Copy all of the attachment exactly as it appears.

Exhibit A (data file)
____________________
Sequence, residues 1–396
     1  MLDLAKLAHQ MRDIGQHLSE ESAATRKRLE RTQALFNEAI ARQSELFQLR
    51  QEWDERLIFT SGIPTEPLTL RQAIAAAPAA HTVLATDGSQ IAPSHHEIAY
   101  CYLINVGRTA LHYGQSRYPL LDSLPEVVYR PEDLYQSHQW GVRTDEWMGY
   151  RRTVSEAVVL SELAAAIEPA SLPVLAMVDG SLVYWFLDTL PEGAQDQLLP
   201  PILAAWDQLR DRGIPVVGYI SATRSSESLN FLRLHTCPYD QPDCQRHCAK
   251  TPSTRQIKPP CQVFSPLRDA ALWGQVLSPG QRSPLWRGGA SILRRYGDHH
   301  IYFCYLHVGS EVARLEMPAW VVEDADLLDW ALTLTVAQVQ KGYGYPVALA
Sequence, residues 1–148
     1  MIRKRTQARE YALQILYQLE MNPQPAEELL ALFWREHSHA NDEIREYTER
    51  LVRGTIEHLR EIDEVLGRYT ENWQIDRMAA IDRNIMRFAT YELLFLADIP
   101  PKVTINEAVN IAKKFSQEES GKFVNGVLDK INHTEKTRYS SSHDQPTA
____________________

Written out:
Sequence, residues 1–396
     1  MLDLAKLAHQ MRDIGQHLSE ESAATRKRLE RTQALFNEAI ARQSELFQLR
    51  QEWDERLIFT SGIPTEPLTL RQAIAAAPAA HTVLATDGSQ IAPSHHEIAY
   101  CYLINVGRTA LHYGQSRYPL LDSLPEVVYR PEDLYQSHQW GVRTDEWMGY
   151  RRTVSEAVVL SELAAAIEPA SLPVLAMVDG SLVYWFLDTL PEGAQDQLLP
   201  PILAAWDQLR DRGIPVVGYI SATRSSESLN FLRLHTCPYD QPDCQRHCAK
   251  TPSTRQIKPP CQVFSPLRDA ALWGQVLSPG QRSPLWRGGA SILRRYGDHH
   301  IYFCYLHVGS EVARLEMPAW VVEDADLLDW ALTLTVAQVQ KGYGYPVALA
Sequence, residues 1–148
     1  MIRKRTQARE YALQILYQLE MNPQPAEELL ALFWREHSHA NDEIREYTER
    51  LVRGTIEHLR EIDEVLGRYT ENWQIDRMAA IDRNIMRFAT YELLFLADIP
   101  PKVTINEAVN IAKKFSQEES GKFVNGVLDK INHTEKTRYS SSHDQPTA